The publisher’s description says:
The 1740s and 1750s were the dark night of the New England soul, as men and women groped toward a restructured religious order. Conflict transformed inclusive parishes into exclusive networks of combative spiritual seekers. Then as now, evangelicalism emboldened ordinary people to question traditional authorities. Their challenge shattered whole communities.This conflict was known at the time as the argument between “New Light” and “Old Light” ministers.
This sweeping history of popular religion in eighteenth-century New England examines the experiences of ordinary people living through extraordinary times. Drawing on an unprecedented quantity of letters, diaries, and testimonies, Douglas Winiarski recovers the pervasive and vigorous lay piety of the early eighteenth century.
George Whitefield’s preaching tour of 1740 called into question the fundamental assumptions of this thriving religious culture. Incited by Whitefield and fascinated by miraculous gifts of the Holy Spirit—visions, bodily fits, and sudden conversions—countless New Englanders broke ranks with family, neighbors, and ministers who dismissed their religious experiences as delusive enthusiasm. These new converts, the progenitors of today’s evangelical movement, bitterly assaulted the Congregational establishment.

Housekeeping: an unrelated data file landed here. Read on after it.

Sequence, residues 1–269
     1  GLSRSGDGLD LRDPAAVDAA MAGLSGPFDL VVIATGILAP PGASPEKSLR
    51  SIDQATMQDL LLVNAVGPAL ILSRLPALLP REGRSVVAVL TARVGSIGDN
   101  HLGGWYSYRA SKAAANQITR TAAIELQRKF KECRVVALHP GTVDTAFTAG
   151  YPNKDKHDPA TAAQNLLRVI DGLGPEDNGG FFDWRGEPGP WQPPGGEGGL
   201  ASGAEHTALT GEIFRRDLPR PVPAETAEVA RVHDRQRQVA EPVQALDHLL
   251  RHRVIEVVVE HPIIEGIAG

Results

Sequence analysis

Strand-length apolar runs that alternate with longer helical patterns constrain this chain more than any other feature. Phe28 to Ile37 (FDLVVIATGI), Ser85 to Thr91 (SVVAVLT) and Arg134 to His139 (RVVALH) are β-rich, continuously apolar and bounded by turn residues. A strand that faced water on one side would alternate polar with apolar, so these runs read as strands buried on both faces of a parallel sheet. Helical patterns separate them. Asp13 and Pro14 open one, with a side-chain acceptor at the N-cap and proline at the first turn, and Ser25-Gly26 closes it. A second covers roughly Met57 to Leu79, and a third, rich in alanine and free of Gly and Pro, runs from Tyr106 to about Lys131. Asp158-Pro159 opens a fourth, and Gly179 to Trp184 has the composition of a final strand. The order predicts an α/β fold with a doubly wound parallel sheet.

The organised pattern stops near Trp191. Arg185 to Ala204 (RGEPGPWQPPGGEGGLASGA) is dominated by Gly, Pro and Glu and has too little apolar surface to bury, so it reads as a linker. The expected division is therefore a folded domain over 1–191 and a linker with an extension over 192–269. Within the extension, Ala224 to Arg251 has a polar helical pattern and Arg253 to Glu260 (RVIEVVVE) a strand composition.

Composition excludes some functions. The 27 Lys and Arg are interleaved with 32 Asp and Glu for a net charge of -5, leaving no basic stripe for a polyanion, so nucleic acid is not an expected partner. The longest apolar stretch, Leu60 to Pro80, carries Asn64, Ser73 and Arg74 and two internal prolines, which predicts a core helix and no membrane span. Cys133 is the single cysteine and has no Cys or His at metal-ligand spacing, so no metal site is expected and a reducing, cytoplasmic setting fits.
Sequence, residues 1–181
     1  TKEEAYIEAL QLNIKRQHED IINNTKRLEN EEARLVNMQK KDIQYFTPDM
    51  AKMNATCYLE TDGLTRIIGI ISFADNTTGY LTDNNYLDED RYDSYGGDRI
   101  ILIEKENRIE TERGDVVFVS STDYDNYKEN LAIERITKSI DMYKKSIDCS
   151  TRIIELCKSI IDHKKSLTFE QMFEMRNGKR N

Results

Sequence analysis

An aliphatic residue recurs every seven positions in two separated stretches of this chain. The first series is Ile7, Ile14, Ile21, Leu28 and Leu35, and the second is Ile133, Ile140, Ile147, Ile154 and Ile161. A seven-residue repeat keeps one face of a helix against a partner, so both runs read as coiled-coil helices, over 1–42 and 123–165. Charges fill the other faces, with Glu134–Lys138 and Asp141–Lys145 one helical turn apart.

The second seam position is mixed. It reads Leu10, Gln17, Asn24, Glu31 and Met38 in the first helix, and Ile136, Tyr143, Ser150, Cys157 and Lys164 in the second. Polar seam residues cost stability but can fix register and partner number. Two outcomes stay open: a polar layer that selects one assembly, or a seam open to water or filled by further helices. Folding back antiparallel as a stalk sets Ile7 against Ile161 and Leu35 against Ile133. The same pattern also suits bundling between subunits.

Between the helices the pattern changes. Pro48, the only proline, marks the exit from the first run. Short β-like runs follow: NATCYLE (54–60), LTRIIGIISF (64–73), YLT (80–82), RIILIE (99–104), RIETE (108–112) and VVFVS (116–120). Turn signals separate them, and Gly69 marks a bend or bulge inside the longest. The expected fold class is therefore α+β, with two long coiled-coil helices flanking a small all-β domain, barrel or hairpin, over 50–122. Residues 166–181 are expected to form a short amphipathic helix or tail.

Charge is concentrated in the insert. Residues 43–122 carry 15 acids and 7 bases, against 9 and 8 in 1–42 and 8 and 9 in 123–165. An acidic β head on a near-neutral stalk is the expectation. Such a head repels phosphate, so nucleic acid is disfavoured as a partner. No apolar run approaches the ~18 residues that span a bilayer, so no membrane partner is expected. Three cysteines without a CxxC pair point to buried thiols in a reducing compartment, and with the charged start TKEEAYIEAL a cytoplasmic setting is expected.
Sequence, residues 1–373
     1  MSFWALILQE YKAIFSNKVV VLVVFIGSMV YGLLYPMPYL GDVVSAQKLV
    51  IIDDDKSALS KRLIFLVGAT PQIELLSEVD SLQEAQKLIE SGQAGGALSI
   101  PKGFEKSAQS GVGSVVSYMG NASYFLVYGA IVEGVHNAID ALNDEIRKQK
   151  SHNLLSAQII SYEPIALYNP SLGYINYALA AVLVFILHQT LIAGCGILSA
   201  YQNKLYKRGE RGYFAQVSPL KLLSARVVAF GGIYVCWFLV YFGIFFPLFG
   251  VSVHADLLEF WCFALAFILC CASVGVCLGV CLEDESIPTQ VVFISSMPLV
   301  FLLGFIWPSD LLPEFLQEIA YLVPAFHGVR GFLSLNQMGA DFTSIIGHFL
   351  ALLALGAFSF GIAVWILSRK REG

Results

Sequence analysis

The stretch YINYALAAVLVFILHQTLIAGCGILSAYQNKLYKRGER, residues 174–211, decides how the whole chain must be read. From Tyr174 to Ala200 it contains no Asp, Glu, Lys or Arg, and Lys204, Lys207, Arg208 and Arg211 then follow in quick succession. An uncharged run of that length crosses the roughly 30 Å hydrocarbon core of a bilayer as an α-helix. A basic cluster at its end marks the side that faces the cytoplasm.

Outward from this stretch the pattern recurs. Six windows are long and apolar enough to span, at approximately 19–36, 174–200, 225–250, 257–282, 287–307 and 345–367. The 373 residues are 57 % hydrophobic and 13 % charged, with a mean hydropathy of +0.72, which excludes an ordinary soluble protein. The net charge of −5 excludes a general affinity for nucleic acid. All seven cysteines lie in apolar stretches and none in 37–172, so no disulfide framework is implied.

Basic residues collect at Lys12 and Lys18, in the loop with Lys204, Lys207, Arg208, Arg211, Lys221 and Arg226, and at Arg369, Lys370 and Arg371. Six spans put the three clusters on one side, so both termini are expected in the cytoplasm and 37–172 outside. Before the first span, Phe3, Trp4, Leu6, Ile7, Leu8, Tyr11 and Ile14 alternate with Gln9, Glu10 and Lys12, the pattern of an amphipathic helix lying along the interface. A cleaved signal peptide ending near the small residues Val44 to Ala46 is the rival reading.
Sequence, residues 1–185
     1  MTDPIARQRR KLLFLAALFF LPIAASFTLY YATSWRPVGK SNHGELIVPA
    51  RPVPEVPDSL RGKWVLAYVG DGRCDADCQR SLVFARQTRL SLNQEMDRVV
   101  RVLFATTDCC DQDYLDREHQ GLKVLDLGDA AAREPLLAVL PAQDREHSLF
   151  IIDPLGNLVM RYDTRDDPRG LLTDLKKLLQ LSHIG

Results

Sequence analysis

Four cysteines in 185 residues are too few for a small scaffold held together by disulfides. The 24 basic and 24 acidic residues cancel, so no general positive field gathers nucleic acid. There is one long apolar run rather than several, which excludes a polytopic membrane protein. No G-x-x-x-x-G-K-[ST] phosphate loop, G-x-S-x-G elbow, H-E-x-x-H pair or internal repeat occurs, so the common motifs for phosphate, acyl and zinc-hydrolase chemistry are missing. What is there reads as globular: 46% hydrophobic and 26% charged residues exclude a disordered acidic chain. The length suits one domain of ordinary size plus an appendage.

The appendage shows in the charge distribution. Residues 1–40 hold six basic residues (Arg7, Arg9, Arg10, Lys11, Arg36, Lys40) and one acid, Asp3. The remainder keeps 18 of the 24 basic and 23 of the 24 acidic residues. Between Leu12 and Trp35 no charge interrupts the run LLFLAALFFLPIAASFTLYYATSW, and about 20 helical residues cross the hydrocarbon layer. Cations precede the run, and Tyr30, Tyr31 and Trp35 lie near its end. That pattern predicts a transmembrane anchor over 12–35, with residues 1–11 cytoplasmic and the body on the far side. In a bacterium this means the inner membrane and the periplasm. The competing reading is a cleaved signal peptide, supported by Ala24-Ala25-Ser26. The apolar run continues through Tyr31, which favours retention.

In 1842, the Rev. Joseph Tracy dubbed it “the Great Awakening.” That phrase first appeared in Moravian Christian literature of the early 1700s before it became part of the New Lights’ vocabulary. The Rev. John Wesley used it in an extract of his diary he published in 1740. Two years later, Whitefield included the phrase in a letter as a term for a local revival. In 1741, the Rev. John Webb (1687-1750) of Boston’s New North Meeting titled a sermon Christ’s Suit to the Sinner, while He Stands and Knocks at the Door: A Sermon Preach’d in a Time of Great Awakening, at the Tuesday-Evening Lecture in Brattle-Street, Boston.
Prof. Winiarski’s talk is scheduled to start at 6:00 P.M. at the society’s headquarters on Newbury Street. It is free, and attendees can register here.